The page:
Dave Matthews Band
Ak-Chin Pavilion, Phoenix, AZ, Sunday, Jan 13, 2019
Dave Matthews’ Band started its 23-song set at 7:20 p.m. with a highly anticipated acoustic run featuring longtime friend and banjo master Béla Fleck. After a rousing version of “Tripping Billies” (“Crash,” 1996) Matthews invited Fleck join him for final three songs of the set and then took a breather.
Fleck would rejoin him during the following electric set for the songs “Don’t Drink the Water,” (“Before These Crowded Streets,” 1998) “#41,” and “Lie in Our Graves,” (from “Crash”).
Left off the setlist was perhaps DMB’s biggest hit, “Ants Marching,” the second single off the band’s debut album in 1996. Ironic, since that is exactly what the sea of people flooding into the amphitheater looked like as they scampered to grab a piece of lawn seating to catch the remainder of the show.
DMB closed the show with a three song encore of “The Space Between,” (“Everyday,” 2001) “Pantala Naga Pampa,” (1998) and an all-out jam session on the song “Rapunzel.” (“Before These Crowded Streets,” 1998).
Celebrity Theatre, Phoenix, AZ, Saturday, August 8, 2015
Amazing Grace Potter took the Celebrity Theate stage Saturday night to the sound of a clock ticking and chiming — an audio nod to her recently released record, “Midnight.” Potter wore a silver leather miniskirt, a silver sequined wrap over a cropped bustier and short, black boots accentuating her long, tan legs. She looked like a supermodel accessorizing with a Gibson Flying V guitar.
From “Midnight,” she performed “Empty Heart” with a country-western wail, as well as the appropriately vibrant “Alive Tonight.” At one point, Potter dropped to her knees for a psychedelic riff on Led Zeppelin’s echoing shrieks. Potter’s band included two drum kits, and toward the end of the show, all the players beat drums, pounding out a primal frenzy.
For her lively and lengthy encore, Potter and her band covered “Gimme Shelter,” and their rendition worked hard to leave the Rolling Stones in the dust. After the rowdy “Paris,” Potter wound down with a rocking lullaby version of Bob Dylan’s “I Shall Be Released.”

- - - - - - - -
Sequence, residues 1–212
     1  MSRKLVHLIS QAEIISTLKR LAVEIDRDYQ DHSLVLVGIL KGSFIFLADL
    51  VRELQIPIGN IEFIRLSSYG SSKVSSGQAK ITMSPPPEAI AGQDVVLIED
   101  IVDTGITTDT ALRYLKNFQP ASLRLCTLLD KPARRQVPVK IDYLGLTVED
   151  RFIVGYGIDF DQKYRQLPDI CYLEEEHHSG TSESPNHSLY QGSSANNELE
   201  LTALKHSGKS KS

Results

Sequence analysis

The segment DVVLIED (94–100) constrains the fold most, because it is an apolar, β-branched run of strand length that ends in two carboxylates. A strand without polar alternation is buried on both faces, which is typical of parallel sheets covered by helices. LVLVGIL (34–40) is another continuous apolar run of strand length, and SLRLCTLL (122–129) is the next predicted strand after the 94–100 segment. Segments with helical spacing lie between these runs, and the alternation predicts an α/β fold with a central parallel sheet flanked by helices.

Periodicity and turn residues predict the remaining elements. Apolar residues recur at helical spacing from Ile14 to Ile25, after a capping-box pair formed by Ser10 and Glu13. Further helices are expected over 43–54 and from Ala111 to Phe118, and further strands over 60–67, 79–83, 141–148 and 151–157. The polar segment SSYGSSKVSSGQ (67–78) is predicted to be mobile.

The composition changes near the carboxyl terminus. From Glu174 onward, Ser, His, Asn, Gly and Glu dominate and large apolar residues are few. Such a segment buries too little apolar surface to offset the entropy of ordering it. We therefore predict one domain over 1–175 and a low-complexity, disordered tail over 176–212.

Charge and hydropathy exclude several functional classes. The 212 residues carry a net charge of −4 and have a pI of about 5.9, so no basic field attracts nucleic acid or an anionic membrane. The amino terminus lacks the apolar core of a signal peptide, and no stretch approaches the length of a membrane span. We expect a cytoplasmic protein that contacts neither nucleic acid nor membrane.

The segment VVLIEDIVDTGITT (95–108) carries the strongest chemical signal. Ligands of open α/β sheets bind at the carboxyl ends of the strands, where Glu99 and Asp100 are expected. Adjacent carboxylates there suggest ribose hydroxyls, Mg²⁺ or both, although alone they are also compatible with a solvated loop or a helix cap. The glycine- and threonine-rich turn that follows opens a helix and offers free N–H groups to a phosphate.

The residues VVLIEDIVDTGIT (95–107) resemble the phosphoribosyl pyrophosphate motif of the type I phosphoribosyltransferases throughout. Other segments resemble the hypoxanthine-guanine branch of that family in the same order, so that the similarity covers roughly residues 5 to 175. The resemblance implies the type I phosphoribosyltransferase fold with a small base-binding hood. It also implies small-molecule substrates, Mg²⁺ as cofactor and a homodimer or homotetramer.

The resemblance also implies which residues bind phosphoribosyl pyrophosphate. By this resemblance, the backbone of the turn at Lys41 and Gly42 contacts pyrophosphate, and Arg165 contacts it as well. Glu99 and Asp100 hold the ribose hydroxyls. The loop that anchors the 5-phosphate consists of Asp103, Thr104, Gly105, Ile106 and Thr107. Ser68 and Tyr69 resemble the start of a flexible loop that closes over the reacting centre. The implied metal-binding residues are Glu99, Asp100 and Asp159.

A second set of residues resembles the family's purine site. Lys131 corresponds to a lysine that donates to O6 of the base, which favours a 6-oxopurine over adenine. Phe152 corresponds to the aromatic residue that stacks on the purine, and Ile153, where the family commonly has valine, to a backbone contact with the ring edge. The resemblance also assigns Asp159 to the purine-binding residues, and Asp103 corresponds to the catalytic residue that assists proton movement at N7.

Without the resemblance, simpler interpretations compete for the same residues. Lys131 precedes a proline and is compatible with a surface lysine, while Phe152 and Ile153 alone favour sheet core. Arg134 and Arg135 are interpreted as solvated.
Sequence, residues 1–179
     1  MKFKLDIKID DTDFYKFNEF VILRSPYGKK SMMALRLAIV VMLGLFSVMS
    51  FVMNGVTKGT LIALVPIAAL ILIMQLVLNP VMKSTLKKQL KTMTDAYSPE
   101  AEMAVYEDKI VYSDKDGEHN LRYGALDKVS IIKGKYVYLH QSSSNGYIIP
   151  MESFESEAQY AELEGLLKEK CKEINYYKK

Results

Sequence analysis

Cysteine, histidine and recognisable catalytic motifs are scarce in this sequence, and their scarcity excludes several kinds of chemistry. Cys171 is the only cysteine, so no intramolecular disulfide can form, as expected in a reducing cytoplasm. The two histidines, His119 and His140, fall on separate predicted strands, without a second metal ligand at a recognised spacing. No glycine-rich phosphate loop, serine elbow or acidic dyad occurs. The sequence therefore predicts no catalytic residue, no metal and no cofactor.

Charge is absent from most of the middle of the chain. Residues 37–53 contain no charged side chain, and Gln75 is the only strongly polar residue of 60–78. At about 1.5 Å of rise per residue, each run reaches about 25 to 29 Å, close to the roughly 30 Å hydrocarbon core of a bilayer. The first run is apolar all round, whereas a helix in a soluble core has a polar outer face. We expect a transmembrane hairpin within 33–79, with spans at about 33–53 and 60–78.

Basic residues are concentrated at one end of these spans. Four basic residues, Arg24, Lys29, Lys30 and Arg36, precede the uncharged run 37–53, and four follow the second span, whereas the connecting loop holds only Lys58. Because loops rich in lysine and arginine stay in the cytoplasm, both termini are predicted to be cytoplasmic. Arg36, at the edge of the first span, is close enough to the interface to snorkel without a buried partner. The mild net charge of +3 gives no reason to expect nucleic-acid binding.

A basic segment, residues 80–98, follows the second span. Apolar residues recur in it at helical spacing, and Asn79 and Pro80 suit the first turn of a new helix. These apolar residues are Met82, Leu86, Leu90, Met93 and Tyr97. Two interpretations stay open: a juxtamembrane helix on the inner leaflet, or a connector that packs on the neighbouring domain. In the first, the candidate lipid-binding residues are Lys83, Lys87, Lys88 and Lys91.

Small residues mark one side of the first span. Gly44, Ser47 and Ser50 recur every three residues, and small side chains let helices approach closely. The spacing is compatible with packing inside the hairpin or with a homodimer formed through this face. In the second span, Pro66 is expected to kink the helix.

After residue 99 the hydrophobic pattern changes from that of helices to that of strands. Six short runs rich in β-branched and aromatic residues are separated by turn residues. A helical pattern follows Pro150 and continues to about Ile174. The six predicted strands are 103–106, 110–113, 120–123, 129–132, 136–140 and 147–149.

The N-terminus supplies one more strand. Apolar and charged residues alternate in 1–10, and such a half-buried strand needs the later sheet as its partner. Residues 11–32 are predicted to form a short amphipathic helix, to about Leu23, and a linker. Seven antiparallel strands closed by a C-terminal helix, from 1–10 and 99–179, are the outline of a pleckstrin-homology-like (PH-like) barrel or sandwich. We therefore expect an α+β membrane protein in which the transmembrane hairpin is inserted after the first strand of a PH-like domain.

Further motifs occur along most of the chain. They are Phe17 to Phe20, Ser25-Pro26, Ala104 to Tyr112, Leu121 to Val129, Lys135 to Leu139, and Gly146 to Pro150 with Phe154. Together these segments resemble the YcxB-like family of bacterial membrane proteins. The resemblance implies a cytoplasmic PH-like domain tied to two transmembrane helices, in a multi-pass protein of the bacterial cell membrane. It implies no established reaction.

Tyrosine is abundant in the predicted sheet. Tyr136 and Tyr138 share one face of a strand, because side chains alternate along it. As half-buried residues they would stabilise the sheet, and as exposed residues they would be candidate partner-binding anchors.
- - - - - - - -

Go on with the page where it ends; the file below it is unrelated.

US Airways Center, Phoenix, AZ, Monday, May 27, 2017
For the 40th anniversary tour, which the band has hinted may be its last, Rush has dug more into the vaults for some rarely played gems, and for almost three hours on Monday night at the U.S. Airways Center, everything that makes Rush the brilliant band it is was showcased front and center.
There was the amazing drumming from Neil Peart, the jaw-dropping bass playing of Geddy Lee, and the precise riffs of Lifeson on guitar, all with nary a flubbed note or beat.
The band was mostly content to focus on the music. Lee only addressed the audience a handful of times throughout the show.Musical highlights were there aplenty, starting in the first set with the instrumental “The Main Monkey Business,” with Lee dazzling on the bass and Peart’s precise drumming propelling things along. During “Roll the Bones,” a handful of celebrities, including Jason Segal, Paul Rudd, Peter Dinklage, and Tom Morello of Rage Against the Machine appeared in a trippy video behind the band doing the mid-song rap.
Though Lee will turn 62 in just a couple of weeks, his voice still held up for the most part, even if it sounds a little lower in the register. Lee also bounced around the stage frequently while playing, eliciting frequent smiles from Lifeson.
Though Lifeson, like Lee, turns 62 this year, and Peart will turn 63, judging by Saturday’s show, it certainly seemed as if the band could tour as much as it wants. If this tour is indeed farewell, it’s a brilliant note to go out on.